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Mountain Home City Council finds new City Treasurer in long-time department head

The search for Mountain Home’s new treasurer is over.

In a 7-0 vote, with one member absent, the Mountain Home City Council voted to replace its current treasurer, Marshella Norrell, with Water and Sewer Director Alma Clark after receiving a nomination for the position from Mayor Hillrey Adams.

Norrell leaves her part-time position to focus more on her full-time job at a local tax preparation company. Clark had planned to retire from the city in June of this year.

“I managed to get her to postpone her retirement, which was planned for June 30,” said Mountain Home Mayor Hillrey Adams. “She’s going to stay with us for a while. I think she’s going to be a huge asset to the city with where we’re at, especially with a lot of water and sewer things happening.”

During the city’s last council session, Norrell announced her intentions to eventually leave the city after stating that she had too much on her plate between her two jobs and that she would give recommendations to the council for her replacement. Clark was one of those recommendations.

To help facilitate the transition to a new treasurer, the council made moves on April 7 to make the position more attractive to applicants, moving the once part-time position to a full-time salaried position on par with other department heads.

“I know the one she’s replacing right now has highly recommended that,” Adams said. “So has our auditors. Alma has the ability to do this for us.”

Alma has been serving Mountain Home since September 1999 and has been working at the Water and Sewer Department for over 30 years. She was appointed to her current position as department head in 2006.

The city’s Water and Sewer Department has done well under Clark’s leadership, who has managed to keep the city’s aging infrastructure in working order. She also worked diligently to maintain her department’s budget. Her department achieved a victory earlier this year after City Council approved an overhaul of the city’s water system.

The council approved nine separate ordinances for the departments, ranging from purchasing new trucks to purchasing new pumps for its water and wastewater stations.

City Council also agreed to accept three agreements with Garver, an employee-owned multi-disciplined engineering, planning, architectural, and environmental services firm, to develop a 2022 Water and Sewer Master Plan update, complete improvements to the city’s wastewater treatment plant, and evaluate and design improvements to the Southwest Collection System for the city.

The City of Mountain Home’s plans to overhaul and update its water facilities has been years in the making.

Much of the city’s equipment is older, with some of its water pumps being 30 years old. Finding replacement parts for equipment has also become difficult over the years as much of the city’s tools and equipment are proprietary.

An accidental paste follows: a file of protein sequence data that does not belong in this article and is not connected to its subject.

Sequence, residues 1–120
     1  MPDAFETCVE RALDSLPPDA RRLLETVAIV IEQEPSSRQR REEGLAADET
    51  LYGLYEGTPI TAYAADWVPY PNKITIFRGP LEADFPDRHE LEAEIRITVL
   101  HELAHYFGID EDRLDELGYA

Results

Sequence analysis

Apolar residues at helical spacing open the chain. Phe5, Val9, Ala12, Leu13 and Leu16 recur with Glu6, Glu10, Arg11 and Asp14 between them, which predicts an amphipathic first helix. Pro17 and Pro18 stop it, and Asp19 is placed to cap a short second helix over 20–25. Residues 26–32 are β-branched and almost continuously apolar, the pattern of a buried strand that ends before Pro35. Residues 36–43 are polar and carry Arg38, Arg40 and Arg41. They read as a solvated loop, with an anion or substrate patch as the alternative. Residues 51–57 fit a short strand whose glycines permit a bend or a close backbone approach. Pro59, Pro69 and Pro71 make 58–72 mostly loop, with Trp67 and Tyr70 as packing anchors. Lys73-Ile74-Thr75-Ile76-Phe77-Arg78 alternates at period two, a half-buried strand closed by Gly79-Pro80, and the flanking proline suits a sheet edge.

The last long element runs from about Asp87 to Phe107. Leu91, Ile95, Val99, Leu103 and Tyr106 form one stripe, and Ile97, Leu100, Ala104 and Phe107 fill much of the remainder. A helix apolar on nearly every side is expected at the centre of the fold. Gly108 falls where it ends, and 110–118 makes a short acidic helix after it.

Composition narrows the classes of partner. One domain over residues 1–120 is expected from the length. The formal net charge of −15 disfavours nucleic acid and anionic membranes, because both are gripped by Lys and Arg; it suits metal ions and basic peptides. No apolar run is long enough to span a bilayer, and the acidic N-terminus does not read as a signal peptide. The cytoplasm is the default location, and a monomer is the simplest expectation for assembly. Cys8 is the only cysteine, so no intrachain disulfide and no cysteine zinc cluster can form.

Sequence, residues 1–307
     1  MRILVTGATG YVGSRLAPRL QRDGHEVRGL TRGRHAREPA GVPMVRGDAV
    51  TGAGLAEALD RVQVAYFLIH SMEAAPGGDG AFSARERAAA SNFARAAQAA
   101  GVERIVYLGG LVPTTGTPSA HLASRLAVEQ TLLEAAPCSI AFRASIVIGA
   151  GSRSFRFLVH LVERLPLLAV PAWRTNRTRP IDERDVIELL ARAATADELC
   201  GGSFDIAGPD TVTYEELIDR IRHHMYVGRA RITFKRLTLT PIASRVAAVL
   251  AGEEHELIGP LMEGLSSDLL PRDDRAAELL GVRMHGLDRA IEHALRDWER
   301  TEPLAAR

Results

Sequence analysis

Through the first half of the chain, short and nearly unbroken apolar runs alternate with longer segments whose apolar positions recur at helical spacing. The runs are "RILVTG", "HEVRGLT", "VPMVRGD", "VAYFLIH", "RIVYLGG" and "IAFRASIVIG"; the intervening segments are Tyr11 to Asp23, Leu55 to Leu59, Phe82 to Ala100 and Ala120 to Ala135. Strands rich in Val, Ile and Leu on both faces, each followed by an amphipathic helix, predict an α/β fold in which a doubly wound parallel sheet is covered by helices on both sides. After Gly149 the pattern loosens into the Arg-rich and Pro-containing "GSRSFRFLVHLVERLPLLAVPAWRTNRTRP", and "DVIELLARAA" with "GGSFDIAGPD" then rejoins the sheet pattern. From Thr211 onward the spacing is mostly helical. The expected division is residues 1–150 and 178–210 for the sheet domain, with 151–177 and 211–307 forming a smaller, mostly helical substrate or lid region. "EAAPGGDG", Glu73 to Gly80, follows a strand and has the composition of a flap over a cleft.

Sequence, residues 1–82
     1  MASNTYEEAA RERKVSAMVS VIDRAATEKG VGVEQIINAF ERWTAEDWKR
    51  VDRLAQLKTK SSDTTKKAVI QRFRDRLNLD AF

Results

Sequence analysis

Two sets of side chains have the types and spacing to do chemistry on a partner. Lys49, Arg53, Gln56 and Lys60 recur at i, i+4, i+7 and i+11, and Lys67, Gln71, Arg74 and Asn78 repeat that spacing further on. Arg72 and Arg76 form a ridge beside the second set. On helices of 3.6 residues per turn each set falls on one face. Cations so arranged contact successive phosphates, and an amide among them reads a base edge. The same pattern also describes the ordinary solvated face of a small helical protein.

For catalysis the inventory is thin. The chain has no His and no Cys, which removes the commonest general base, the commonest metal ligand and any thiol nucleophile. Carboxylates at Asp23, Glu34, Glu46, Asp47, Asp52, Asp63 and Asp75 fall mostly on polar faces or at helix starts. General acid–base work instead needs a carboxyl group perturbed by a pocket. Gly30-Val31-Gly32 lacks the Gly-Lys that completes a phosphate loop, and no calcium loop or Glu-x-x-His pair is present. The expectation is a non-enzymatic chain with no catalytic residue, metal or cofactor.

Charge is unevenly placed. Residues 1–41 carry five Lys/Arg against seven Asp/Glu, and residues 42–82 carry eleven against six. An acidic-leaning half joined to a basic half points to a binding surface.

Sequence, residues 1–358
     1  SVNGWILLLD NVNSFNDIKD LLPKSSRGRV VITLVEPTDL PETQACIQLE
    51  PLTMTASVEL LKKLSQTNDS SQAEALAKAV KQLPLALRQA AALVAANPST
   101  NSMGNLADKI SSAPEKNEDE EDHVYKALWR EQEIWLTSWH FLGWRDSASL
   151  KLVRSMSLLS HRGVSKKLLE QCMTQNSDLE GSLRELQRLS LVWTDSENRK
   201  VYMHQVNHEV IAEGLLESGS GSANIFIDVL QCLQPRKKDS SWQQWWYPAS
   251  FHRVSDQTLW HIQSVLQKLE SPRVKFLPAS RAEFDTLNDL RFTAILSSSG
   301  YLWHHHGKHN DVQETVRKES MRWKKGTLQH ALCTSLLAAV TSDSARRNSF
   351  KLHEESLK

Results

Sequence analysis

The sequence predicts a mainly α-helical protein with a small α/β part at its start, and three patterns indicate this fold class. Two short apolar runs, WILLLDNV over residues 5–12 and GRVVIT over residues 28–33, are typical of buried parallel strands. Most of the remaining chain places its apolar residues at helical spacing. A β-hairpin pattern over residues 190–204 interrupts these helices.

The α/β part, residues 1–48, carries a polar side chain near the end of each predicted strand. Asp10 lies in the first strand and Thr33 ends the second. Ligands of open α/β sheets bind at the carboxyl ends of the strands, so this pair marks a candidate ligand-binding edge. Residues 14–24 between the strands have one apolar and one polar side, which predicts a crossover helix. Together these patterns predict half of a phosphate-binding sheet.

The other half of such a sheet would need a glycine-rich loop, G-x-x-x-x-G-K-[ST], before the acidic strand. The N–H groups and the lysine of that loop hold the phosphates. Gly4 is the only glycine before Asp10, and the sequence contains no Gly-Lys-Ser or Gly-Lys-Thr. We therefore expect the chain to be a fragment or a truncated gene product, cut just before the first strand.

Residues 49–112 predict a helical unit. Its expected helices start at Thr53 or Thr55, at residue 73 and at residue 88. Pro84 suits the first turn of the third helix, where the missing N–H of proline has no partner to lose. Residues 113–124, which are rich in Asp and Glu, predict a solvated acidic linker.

Costs for operating the plants have also gone up over the years. Currently, Mountain Home uses chlorine and sulfur dioxide gas to treat the water that citizens use in their daily lives. The gas has seen a spike in cost as the U.S. economy struggles with inflation.

The city’s sewer systems have also been running a deficit over the past few years. While the city has found ways to cover that deficit, the days of covering down are ending as the deficit is expected to climb to 50% by 2024, potentially driving up consumer rates.

To combat these difficulties, the city has begun to look at switching over to a new UV light system for its water treatment facilities and replacing much of its aging equipment. The move to the new system will lower costs for the city in the long run while also making the city less reliant on dangerous gas shipments coming in from chemical plants.

Once completed, the city expects to turn its deficit into a surplus over time. The cost of the upgrades will be $1,350,000. Costs for the new master plan and the preliminary route studies and evaluation of improvement options will cost the city $100,000 and $50,000, respectively.

And while Clark may be moving over to a new position, Adams said she would still be tapped for help with the new projects she is currently overseeing. Norrell will also be offering her services to the city as she begins the process of integrating Clark into the new role.

“I’m looking forward to the new adventure,” Clark said. “A new chapter. And I’m very thankful for the opportunity. It’s a numbers job, and I’ve dealt with water and sewer for the last [30 years]. I mean, that was my background, but financial management is my forte. I really enjoy that.”

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